I’ve seen a trend in the UK over the past few years to move towards American-style job titles, such as CEO, CFO, CTO, COO or VP.
I’ve also noticed that people have started to refer to me personally as a CEO. I’ve run Wholegrain Digital since 2007, an ethical web design agency that works with forward thinking organisations. We might be pioneers within the London WordPress agency scene, we tend to shy away from unnecessary frills and trumpet-blowing, instead relying on our work to speak for itself.
We’re not one of those agencies that tries to show-off to clients by using fancy terms like “synergize”, “EOP” and “MVP”.
OK, well I might have used MVP.
Because we’re a design agency in a niche but competitive industry, we tend to resist this corporate shift in business culture, avoiding complicated jargon and corporate tech-speak whenever possible.
We’re not perfect, but try to be clear and only use acronyms and industry terms if our audience is guaranteed to know what they mean. If you catch us doing otherwise, please give us a slap on the wrist.
So what’s wrong with CEO?
I would bet that many people don’t know what the letters CEO actually stand for. Even if they do, why would I call myself the Chief Executive Officer? I run a web design agency, not the HMS Victory.
The same goes for other C-level job titles that are sometimes referred to as the “C-suite”. The C suite sounds to me more like a drab hotel room than a management team.
As for the title VP or Vice President, I don’t think it is appropriate to an organisation of our size.
Keeping it simple
At Wholegrain Digital we try our best to keep our job titles simple. To do this we follow a few guidelines.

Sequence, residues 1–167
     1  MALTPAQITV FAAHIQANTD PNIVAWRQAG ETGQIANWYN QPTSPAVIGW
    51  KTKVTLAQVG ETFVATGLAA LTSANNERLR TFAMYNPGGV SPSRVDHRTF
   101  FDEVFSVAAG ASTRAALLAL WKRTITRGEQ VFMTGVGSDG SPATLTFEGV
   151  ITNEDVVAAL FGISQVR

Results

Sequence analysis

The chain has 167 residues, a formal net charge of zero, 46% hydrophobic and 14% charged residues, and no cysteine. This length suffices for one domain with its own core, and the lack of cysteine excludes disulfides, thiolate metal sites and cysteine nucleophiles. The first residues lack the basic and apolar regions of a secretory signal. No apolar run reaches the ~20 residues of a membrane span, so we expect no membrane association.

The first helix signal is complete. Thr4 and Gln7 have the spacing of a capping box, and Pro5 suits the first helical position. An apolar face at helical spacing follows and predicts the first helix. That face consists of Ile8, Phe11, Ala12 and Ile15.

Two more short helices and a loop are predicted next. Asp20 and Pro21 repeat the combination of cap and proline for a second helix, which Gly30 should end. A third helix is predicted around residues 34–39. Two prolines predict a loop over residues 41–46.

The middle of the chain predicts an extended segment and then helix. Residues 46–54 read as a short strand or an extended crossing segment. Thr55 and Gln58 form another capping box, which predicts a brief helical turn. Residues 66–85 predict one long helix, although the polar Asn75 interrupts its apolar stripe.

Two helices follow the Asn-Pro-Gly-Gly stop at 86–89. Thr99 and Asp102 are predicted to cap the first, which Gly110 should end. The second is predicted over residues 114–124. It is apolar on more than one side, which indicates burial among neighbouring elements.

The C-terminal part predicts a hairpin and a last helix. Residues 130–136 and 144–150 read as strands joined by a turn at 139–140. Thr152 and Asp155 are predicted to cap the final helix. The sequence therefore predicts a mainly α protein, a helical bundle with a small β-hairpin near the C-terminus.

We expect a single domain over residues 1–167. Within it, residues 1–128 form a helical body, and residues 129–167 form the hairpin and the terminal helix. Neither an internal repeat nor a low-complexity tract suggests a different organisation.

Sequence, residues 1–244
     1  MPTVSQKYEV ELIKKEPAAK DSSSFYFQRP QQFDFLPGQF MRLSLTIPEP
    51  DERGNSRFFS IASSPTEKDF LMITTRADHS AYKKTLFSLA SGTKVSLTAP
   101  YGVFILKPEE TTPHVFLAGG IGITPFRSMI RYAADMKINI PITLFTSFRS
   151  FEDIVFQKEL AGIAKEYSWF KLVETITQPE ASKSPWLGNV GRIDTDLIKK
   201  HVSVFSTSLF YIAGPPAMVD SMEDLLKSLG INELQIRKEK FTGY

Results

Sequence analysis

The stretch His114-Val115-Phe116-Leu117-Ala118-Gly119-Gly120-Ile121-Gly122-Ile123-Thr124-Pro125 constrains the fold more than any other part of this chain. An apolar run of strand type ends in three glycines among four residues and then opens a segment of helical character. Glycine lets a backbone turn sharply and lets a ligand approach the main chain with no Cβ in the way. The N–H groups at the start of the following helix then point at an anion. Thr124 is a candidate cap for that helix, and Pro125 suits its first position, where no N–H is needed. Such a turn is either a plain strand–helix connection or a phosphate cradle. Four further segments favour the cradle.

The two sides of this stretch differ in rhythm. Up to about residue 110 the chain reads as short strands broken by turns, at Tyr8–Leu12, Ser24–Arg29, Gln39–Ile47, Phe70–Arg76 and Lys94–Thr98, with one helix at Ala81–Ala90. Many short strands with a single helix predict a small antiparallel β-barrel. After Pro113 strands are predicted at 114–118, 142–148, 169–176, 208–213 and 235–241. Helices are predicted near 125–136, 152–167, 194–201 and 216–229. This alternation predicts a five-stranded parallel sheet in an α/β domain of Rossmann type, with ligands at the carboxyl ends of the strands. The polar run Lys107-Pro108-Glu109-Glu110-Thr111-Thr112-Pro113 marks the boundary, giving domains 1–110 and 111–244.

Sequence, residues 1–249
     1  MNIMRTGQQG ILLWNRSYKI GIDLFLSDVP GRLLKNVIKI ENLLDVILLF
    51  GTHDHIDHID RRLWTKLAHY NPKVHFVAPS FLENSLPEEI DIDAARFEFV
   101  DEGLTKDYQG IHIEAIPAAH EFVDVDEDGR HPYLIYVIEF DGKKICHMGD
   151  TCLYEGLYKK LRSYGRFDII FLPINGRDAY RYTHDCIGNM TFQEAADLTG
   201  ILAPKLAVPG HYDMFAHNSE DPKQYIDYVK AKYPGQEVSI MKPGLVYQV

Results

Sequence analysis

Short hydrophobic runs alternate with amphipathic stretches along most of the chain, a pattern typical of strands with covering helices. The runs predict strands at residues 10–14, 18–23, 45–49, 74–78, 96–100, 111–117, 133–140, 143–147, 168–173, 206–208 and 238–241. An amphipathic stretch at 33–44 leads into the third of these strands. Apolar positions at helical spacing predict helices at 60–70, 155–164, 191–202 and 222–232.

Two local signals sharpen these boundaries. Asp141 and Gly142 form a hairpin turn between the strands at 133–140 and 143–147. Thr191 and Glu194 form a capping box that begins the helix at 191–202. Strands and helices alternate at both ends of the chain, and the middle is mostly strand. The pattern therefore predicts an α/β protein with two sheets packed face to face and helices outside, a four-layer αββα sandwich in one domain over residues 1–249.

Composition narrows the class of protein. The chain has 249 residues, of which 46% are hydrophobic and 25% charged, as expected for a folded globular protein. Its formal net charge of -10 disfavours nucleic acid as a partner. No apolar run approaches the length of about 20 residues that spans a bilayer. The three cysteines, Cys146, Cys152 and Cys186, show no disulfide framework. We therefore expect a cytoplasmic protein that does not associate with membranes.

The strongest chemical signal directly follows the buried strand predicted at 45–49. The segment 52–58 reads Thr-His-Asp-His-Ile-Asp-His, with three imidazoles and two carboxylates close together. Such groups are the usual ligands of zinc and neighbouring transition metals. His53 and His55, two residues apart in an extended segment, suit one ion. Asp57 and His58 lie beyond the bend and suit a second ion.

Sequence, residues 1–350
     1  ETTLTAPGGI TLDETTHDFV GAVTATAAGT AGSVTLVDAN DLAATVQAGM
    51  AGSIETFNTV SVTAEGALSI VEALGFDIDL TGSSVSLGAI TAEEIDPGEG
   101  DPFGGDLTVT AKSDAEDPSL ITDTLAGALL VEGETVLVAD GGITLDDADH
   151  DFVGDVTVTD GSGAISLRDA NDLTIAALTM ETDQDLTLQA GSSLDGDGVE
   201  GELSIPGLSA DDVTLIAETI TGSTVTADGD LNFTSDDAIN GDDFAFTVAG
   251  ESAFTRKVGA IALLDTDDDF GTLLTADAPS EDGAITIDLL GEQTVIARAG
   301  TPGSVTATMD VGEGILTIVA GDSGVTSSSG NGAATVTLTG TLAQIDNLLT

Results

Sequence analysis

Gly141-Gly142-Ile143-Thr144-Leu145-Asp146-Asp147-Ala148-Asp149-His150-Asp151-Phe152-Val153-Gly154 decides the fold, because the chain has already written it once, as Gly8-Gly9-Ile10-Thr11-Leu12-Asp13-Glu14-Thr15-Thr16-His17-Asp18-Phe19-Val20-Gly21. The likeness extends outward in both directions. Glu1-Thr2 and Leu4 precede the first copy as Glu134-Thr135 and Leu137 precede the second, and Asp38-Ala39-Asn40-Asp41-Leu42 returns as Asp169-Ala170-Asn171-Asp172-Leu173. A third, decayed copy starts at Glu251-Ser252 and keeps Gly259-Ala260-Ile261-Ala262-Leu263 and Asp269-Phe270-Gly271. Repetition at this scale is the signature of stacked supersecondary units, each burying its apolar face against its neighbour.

Job titles should:
- Be formed of real words and not acronyms
- Describe what the individual does, simply and without jargon
- Include terms such as Director only as a reflection of legal responsibilities and not for grandiose effect
- Avoid unnecessary hierarchy and ego
I’m sure that we could come up with better titles within our team, but titles like Project Manager and WordPress Developer seem to tick all the boxes without unnecessarily complicating things. These titles also resonate closely with our identity as a transparent and ethical company.
Regarding my own title of Managing Director, even this feels a bit awkward to me, but it does the job in stating that I’m the legally appointed Director with overall responsibility for the management of the business. As for a role like Gaurav’s title of Sustainable Designer, it clearly communicates the importance of sustainability in his design work, both to others within our company and to other clients.
The Wholegrain way
Our ultimate goal is to create a company that has a genuinely positive impact on the world, and we always look for find elegant, long-term solutions to the business problems we face; from these basic, internal details, to serious global issues.
That’s why our job titles are as sustainable as our page-loading speeds.
Maybe we’ll change our job titles in the future, but only if it makes things better. Whatever happens, I won’t be the CEO.
P.S. We’re hiring! If you’re after an easy-to-understand job title in our diverse team, and have skills, experience and interests that will not only add value for our clients, but will help us to create a more sustainable and equitable world, then get in touch.